A: I didn’t get much writing done. Too busy organizing contacts, video recordings, appearances, and so forth. I think I was more pricked to consider the question of “public” poetry, and still am. Questions of audience, intent, poetry as performance and/or communication; these sorts of things kept arising. My own “practice” was limited to thinking about framing future projects. Eg, out of a request to the “position,” I became focussed on researching possible poetic approaches to the Columbia River Treaty and the river/water/fish questions around that. And that is continuing now, after my tenure. I guess the main benefit for me as a writer was that I was more reminded of the social role of poetry, always a useful context to think about.
Q: And what are your thoughts on the social role of poetry, especially in terms of being so close to “governance”? I’ve been very impressed with the recent engagements by poets such as Stephen Collis and Christine Leclerc living their politics in a very overt way, and managing to tie writing so directly to their actions. Yeats famously said that “Poetry makes nothing happen,” but what do you think poetry, through such means, can accomplish?
A: Well, I’m a little ambivalent about Yeats’ claim. As Olson once uttered, sitting around a table at Onetto’s Bar & Grill in Buffalo in the mid-60’s, “there’s only one revolution and that’s the one you’re in.” And if it’s in the poem, then it has to do with language; apropos of your question, social language. My sense is that Ginsberg’s Howl, Marlatt’s “Musing with Mothertongue,” Rita Wong’s forage, Roy Miki’s Surrender, and countless other poetries of our time have resonated with consequence around the social issues of nation, feminism, ecology, and racism. Stephen Collis and Christine Leclerc echo what has been, for me, an alignment of poetry and the social that has always been present. I chose poetry as a reactive practice (anticolonial, grounded in the local, reclamation, etc). Being close to “governance” in my Parliamentary Poet Laureate role only confirmed for me the need to insist on a poetry that sustains the imagination of a better world. To do that, Yeats should have said “Poetry makes language happen,” the right language (which we all know can’t be found on the Hill).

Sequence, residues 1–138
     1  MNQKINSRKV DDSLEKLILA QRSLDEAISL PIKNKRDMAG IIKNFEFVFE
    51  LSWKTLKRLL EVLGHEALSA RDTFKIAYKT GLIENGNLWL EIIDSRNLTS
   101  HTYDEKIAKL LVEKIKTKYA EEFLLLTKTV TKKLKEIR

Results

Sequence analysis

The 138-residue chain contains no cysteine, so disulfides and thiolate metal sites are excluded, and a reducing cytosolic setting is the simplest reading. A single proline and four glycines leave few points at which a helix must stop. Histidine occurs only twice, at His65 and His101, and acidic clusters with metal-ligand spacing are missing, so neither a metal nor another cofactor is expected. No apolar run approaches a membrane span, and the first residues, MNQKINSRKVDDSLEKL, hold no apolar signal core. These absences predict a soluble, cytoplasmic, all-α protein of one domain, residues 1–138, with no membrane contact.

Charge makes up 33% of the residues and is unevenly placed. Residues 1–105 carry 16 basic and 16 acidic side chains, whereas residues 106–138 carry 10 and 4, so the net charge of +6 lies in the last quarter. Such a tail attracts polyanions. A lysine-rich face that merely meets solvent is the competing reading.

Q: When you say that you “chose poetry as a reactive practice,” how does this relate to your collaborative work, your journal/utaniki or even your ongoing “Music at the Heart of Thinking” sequence, all of which can be said to be response/reactive works? Although, arguably, can’t all poetry said to be reacting in some way to something?
A: I first went into jazz, and that involved other musicians. TISH, too, also involved other poets. While not necessarily collaborative, the “common” as a condition of collectivity/community has been the unexpected gift of writing. As for the collaborative work (mostly during the 90’s, though see most recent collab at highmuckamuck.ca), I think that serves a possible “reactive” stance in how, for me, it involves improvisation (see earlier “jazz,” too), and reacting/responding to a collective discourse. Improvisation isn’t, itself, necessarily reactive; though that’s the mode frequently used when interventing “form” (Kora in Hell very important to me). I don’t think the utaniki is a particularly reactive form; just a fresh way to investigate and document through poetry. MHT started as a response to a theme in Open Letter on “notation.” I suppose, as a reaction to the expository mode, I used the occasion to play with the prose poem, that is, to move in on the sentence as a unit of composition. Reactive to specific terms, not necessarily provocative.
Q: What is it about William Carlos Williams’ Kora in Hell: Improvisations (1920) that has been so important to your work? Is it purely the fact of introducing you to the possibilities of improvisation, or does it go beyond that?
A: No, I was introduced to the possibilities of improvisation through the immediacy of composing a “moment” while ad libbing on the horn. Williams came a little later, around 1961, as an affirmation of an improvisational condition, or possibility, in writing. I picked up a copy of Number Seven of the City Lights Pocket Poet Series Kora in Hell: Improvisations at Duthies downtown for a buck and a quarter. I might have done this after being quite rocked by Williams’ “The Desert Music” which we had looked at in Warren Tallman’s 406 Poetry class at UBC.